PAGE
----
The ICCJ disagreed and made a bankruptcy order. The debtor appealed to the High Court, who dismissed his appeal and he appealed that decision to The Court of Appeal.
The Court of Appeal found, on the evidence, that the debtor had miscalculated the amount he was due from his aunt’s estate and that the amount he was actually due was insufficient to repay the balance of the petition debt in full, notwithstanding that it had not yet been received in any event.
On the question of security, the debtor argued that he had provided irrevocable instructions to the executors’ solicitors to pay all amounts due to him from his aunt’s estate to the creditors.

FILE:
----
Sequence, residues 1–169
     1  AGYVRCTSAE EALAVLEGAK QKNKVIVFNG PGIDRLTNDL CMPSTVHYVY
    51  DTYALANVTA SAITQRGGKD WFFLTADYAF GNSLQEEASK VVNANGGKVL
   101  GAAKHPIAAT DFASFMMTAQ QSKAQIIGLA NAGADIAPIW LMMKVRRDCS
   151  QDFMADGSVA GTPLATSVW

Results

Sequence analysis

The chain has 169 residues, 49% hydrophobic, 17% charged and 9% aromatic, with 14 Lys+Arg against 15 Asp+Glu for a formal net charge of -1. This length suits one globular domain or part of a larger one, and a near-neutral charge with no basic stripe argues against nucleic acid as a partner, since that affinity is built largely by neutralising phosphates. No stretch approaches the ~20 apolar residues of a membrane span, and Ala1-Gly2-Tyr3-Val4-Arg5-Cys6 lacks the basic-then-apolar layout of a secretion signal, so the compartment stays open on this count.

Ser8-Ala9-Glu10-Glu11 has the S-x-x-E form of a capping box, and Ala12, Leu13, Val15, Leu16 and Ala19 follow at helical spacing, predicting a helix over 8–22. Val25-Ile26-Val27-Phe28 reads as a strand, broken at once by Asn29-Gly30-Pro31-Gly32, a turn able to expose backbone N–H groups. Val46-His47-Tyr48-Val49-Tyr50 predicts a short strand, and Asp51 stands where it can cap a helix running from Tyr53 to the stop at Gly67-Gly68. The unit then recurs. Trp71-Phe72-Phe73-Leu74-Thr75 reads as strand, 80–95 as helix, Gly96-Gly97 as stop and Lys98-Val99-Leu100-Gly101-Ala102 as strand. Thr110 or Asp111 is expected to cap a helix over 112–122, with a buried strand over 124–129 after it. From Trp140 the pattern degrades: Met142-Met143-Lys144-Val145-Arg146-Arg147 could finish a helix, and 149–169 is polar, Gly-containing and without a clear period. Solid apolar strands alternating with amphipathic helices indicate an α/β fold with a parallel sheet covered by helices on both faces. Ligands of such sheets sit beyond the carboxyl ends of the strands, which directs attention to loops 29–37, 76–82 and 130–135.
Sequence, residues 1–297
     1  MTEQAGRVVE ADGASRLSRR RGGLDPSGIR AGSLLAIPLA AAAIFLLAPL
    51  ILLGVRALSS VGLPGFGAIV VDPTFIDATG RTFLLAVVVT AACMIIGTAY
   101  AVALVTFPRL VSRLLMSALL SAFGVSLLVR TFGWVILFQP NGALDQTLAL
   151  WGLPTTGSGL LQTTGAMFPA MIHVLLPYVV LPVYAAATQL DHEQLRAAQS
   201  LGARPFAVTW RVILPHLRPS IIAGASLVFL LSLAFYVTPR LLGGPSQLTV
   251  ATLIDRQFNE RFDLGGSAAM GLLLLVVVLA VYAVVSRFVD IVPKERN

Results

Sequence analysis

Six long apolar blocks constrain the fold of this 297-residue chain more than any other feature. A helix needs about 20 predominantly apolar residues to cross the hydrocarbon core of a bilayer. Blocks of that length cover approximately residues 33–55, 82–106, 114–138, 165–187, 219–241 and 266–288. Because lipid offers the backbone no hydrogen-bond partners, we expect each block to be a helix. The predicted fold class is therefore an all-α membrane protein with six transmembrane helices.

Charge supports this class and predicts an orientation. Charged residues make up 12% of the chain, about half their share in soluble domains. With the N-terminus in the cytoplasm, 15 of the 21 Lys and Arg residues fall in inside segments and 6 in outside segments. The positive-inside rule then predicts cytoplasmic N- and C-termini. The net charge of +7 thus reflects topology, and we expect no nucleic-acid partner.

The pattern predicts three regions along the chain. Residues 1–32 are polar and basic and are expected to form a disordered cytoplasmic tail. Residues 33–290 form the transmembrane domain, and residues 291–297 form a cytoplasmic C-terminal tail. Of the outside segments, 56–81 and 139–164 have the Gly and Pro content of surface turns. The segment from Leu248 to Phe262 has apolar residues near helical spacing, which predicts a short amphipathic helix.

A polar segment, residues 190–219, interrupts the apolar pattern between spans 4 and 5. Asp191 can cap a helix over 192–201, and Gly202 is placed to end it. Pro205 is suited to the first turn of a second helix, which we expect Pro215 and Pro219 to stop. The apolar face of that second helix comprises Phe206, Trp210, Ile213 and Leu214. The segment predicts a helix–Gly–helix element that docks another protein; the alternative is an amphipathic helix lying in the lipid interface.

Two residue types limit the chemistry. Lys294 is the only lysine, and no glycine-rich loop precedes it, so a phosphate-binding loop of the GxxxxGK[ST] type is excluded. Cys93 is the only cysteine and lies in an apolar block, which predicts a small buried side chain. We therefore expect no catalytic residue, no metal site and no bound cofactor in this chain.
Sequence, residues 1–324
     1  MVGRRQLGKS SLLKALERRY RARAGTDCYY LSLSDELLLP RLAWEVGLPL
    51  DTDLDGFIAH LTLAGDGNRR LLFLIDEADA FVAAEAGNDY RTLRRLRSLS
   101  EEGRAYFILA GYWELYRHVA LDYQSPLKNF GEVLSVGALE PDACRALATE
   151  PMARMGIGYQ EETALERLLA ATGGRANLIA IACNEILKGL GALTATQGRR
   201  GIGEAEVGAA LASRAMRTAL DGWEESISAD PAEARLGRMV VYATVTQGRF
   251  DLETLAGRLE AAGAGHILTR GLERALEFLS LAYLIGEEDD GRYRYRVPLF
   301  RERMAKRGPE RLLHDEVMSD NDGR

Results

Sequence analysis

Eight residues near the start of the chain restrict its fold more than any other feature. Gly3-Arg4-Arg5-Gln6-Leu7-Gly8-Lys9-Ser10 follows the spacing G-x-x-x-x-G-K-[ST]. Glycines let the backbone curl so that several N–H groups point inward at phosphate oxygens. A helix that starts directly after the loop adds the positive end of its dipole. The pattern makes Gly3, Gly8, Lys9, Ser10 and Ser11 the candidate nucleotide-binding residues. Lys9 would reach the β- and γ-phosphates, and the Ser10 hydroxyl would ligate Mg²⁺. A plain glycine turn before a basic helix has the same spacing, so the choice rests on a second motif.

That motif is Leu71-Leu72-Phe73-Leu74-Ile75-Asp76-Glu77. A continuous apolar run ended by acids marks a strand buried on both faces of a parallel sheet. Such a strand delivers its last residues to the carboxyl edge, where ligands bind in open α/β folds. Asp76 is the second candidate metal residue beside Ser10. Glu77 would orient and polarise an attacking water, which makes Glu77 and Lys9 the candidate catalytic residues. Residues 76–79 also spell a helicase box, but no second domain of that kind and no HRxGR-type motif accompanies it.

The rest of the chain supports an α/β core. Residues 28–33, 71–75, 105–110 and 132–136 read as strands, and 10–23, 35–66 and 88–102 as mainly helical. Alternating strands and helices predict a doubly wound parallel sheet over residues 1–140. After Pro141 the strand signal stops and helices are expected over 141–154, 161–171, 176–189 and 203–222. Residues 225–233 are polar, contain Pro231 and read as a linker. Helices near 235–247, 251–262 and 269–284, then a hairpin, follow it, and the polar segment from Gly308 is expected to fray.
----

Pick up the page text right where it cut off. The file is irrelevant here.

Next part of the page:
The Court of Appeal decided that this promise constituted a form of security, which sets an interesting precedent.
However, by the time that the appeal reached the High Court, no payment had been received by the creditors from the estate, and any amount received was insufficient to repay the petition debt.
At that time, the debtor had agreed to repay the unsecured balance of the debt, but there was no certainty around that offer and the High Court concluded that no reasonable creditor would accept that offer.
The Court of Appeal agreed and dismissed the appeal.
Hughes & Hughes v Howell  EWCA Civ 1431
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